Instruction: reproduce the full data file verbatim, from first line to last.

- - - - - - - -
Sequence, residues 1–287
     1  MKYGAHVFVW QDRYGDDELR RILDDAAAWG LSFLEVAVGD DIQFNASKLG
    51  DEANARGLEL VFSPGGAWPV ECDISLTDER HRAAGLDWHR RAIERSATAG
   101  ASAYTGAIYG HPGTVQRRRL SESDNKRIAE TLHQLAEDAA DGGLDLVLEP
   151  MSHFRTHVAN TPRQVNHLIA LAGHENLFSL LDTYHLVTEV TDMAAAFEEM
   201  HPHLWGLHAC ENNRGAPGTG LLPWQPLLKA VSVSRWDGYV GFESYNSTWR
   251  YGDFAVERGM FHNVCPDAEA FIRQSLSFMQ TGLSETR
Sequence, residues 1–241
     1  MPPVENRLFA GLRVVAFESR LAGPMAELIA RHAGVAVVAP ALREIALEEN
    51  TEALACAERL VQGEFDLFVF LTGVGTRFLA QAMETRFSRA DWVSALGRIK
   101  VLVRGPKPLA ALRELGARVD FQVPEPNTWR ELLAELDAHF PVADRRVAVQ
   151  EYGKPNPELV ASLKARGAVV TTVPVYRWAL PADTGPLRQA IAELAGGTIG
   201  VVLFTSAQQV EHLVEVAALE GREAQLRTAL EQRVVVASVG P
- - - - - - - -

Sequence, residues 1–287
     1  MKYGAHVFVW QDRYGDDELR RILDDAAAWG LSFLEVAVGD DIQFNASKLG
    51  DEANARGLEL VFSPGGAWPV ECDISLTDER HRAAGLDWHR RAIERSATAG
   101  ASAYTGAIYG HPGTVQRRRL SESDNKRIAE TLHQLAEDAA DGGLDLVLEP
   151  MSHFRTHVAN TPRQVNHLIA LAGHENLFSL LDTYHLVTEV TDMAAAFEEM
   201  HPHLWGLHAC ENNRGAPGTG LLPWQPLLKA VSVSRWDGYV GFESYNSTWR
   251  YGDFAVERGM FHNVCPDAEA FIRQSLSFMQ TGLSETR
Sequence, residues 1–241
     1  MPPVENRLFA GLRVVAFESR LAGPMAELIA RHAGVAVVAP ALREIALEEN
    51  TEALACAERL VQGEFDLFVF LTGVGTRFLA QAMETRFSRA DWVSALGRIK
   101  VLVRGPKPLA ALRELGARVD FQVPEPNTWR ELLAELDAHF PVADRRVAVQ
   151  EYGKPNPELV ASLKARGAVV TTVPVYRWAL PADTGPLRQA IAELAGGTIG
   201  VVLFTSAQQV EHLVEVAALE GREAQLRTAL EQRVVVASVG P